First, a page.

Sonntag, 19. Oktober 2014

Xtend - Extension Methods

This is the feature that gave Xtend its name and one of its most powerful tools. At the same time it is one of the least understood features among beginners, so I'll give you a head start.

Extension methods can be called on instances of their first parameter type as if they were defined in that type. That's quite a mouthful, so let's just look at an example:

We defined an isPrime method that takes an int and then we could call 2.isPrime. You can extend any existing type this way. But which methods exactly are available as extension methods? As you have seen in the example above, instance methods of the current class are automatically available as extension methods. But many times you will want to write an extension once and then use it wherever you need it.

The simplest approach is to have static methods and import those using a static extension import. Doing this, these methods are available as extension methods in the whole file.

But often times you don't want static methods. Maybe because the helper method lives in a stateful object. Or maybe because you want to use a service that you get through dependency injection. For these cases you can also mark fields, parameters and even local variables as extensions. Their methods are then available as extension methods wherever the field/parameter/variable itself is visible. Below is an example of an extension field, maybe initialized in the constructor.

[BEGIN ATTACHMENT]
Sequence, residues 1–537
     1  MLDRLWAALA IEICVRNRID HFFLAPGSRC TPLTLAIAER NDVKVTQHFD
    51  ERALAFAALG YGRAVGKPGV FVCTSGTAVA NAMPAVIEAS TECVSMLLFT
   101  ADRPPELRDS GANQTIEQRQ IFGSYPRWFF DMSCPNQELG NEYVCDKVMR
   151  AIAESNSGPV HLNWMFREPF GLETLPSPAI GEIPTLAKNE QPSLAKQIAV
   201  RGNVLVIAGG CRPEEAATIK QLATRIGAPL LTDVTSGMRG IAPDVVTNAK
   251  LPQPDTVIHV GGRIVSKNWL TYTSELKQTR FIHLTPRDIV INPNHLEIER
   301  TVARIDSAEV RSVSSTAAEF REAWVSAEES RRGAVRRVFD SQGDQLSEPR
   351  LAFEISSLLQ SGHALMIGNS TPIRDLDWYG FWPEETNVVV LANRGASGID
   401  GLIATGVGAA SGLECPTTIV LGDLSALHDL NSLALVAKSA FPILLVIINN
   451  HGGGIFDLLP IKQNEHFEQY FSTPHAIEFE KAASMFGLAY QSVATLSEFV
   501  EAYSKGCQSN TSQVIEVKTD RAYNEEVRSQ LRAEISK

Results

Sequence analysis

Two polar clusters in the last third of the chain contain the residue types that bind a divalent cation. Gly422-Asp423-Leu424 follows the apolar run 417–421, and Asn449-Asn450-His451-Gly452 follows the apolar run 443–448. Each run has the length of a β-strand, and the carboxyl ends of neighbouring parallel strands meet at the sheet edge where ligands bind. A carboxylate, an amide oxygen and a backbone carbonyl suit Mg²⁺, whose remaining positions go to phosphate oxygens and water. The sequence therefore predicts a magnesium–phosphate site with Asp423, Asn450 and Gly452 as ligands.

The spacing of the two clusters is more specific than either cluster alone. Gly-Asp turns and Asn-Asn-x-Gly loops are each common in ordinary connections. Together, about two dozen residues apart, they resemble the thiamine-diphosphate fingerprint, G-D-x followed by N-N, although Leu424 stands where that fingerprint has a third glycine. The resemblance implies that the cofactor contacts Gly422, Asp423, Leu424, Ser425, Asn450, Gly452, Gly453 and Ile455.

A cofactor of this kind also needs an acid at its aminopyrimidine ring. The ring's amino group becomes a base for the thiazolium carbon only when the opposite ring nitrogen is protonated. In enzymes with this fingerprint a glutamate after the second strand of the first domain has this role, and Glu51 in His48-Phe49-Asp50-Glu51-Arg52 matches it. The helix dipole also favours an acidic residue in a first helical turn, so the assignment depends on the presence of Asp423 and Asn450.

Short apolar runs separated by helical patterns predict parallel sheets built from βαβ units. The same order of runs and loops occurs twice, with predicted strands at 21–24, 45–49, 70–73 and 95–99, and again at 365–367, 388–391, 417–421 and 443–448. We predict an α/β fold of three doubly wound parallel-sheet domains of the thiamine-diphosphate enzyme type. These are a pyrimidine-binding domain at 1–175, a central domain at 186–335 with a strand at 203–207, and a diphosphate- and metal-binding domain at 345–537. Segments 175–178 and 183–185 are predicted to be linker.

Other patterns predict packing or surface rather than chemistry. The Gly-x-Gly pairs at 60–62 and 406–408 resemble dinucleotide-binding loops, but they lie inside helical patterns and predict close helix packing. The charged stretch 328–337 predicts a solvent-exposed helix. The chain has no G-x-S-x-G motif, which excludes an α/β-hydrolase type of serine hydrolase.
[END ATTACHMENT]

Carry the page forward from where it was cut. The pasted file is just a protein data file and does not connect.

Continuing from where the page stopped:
This makes typical OO patterns look much cleaner in Xtend. We all know that we should follow principles like "Single Responsibility". But in Java, calling these helpers is annoyingly verbose:

Another common pattern are factory methods and the Master-Yoda language that you use in Java.

In Xtend, using a static extension import, we get much closer to English.

And of course you sometimes need to use APIs that are just inconvenient. The only workaround in Java is creating wrapper classes that hide the bad API. But that of course adds runtime overhead for wrapping/unwrapping. With Xtend you can write some convenient extension methods and avoid this overhead completely.

Notice how there is no more syntactic difference between a normal method and a helper method. This makes for much more readable call chains.

To top it off, Xtend ships a small library with useful extension methods for classes from the JDK. Most importantly these include methods like filter, map and reduce to work with collections in a functional style.